YOU ARE HERE: LAT HomeCollections


Elster Seems No Better Than Short-Term Answer

March 29, 2000|RANDY HARVEY

Kevin Elster is the Dodgers' starting shortstop. That is a move many observers believed the team needed to make--in 1993.

Elster, coming off his second shoulder surgery, was signed as a free agent in January of that year to put pressure on Jose Offerman, then the starting shortstop.

Elster did his job well. Offerman was so pressured that he developed stomach pains. His fielding, adventurous at best, became even more erratic, and he lashed out at critics by threatening to "zipper your mouths."

But the Dodgers weren't convinced that Elster's shoulder was strong enough. They sent him on a rehabilitation assignment to double-A San Antonio and, as obligated by their contract, granted him his release in May. Their prognosis proved correct. He played only 43 major league games, with the Yankees and the Phillies, over the next two seasons.

Elster had an astonishing season in 1996, hitting .252 with 24 home runs and 99 runs batted in for Texas and winning American League comeback-player-of-the-year honors. But he was injured again in 1998, playing only 39 games for the Pirates, and after being released by the Rangers in July 1998, retired to build a bar in Las Vegas.

It seems that the Dodgers needed a shortstop more than Vegas needed another bar.

They signed him a month before spring training began, presumably to put pressure on Alex Cora. Elster again did his job well, so well that Cora was sent last week to triple-A Albuquerque, and Elster, seven years after he was first a candidate, will be the starting shortstop.

This is a nice story, especially for Elster. It has a "Bull Durham" quality to it, and, in fact, some who know Elster say he reminds them of the Crash Davis character played by Kevin Costner--the seen-it-all and done-most-of-it veteran who is generous with his wisdom.

Yeah, this could work, in a movie.


This is a very curious move, even for a franchise that has made almost no other kind in the last two years.

I know Davey Johnson has thought highly of Elster since managing him for the Mets. The fact that it was 10 years ago, I suppose, is merely a detail. But, even then, Elster was appreciated more for his sure-handed efficiency than his range, and now, at 35, he is a threat to even fewer ground balls.

It is interesting that Mark Grudzielanek, who was moved from shortstop to second base because of his limited range, has been replaced by a player who has less.

More alarming is that Elster has played only one full season since 1991.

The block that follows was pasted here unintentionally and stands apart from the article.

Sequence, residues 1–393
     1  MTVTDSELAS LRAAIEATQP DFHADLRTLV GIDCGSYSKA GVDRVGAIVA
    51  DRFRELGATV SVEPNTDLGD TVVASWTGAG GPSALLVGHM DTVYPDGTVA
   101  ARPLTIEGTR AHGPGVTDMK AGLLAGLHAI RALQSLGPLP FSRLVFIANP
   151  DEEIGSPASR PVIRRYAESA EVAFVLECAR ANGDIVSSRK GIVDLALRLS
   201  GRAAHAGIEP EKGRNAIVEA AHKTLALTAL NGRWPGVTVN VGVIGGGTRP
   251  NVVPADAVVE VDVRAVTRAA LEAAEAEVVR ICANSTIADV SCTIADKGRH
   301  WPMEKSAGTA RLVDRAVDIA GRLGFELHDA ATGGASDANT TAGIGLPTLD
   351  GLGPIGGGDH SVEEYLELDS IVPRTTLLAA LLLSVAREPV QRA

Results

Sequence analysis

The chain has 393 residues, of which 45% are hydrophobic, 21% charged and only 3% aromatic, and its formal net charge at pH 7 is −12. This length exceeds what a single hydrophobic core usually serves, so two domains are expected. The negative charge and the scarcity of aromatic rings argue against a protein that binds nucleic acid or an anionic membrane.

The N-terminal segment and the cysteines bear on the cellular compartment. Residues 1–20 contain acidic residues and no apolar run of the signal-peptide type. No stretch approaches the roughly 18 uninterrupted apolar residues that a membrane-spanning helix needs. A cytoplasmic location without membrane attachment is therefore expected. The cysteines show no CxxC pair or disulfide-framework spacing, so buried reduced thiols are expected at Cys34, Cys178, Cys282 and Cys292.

Didn't the Dodgers have Bill Russell's phone number?

They tell us that they have a Plan B, that Cora is only a phone call away in Albuquerque. But if they believe he's the shortstop of the future, which Elster obviously is not, they should have forgiven his performance in Vero Beach as a false spring and brought him to Los Angeles.

Better yet, they should have given the job to the man with the magic glove, Juan Castro. He hits his weight--187--but not much more. But if you considered every hit he robs as part of his batting average, he would be Tony Gwynn.

It's not as if pitchers spend much time trying to figure out Elster, a career .228 hitter.

No, there's something else at work here. Could it be Plan C, getting by while waiting for Alex Rodriguez to become a free agent next winter?


But what about this season?

If the baseball tenet is true that good teams must be strong up the middle, then the Dodgers might again not be a good team.

Start with Todd Hundley, the favorite catcher of National League base stealers last season. He was not nearly so popular with most of his own pitchers, who were hesitant to throw anything but fastballs with men on base because they wanted to give Hundley as much time as possible to throw. You think hitters didn't like having that information?

Hundley, we are assured by the Dodgers, is a stronger, more accurate thrower this season, although through Monday in spring training he had caught only one of nine stealing runners.

The Dodgers also assure us that Grudzielanek, who has played only 13 major league games at second base and none since 1995, is adjusting well. But, as one baseball executive said this week, "He's been used to having all of the action in front of him, and now much of it is to his back. The transition is not as easy as it seems."

Devon White might look during spring training as if he's a year younger than he was last season, but the reality is that he's a year older at 37. Todd Hollandsworth, who is pressing him, is no one's vision of a major league center fielder.

The pitching staff has one starter, 41-year-old Orel Hershiser, who acknowledges that he can't go more than five or six innings, and another, Carlos Perez, who is a ticking time bomb.

Zipper my mouth, but I don't see the Dodgers winning a title--even in a weak division made weaker Tuesday by the injury to Arizona's Matt Williams--or advancing to the playoffs. Take that for what it's worth. I have been wrong before. I thought they'd be in the World Series last year.


Randy Harvey can be reached at his e-mail address:

Los Angeles Times Articles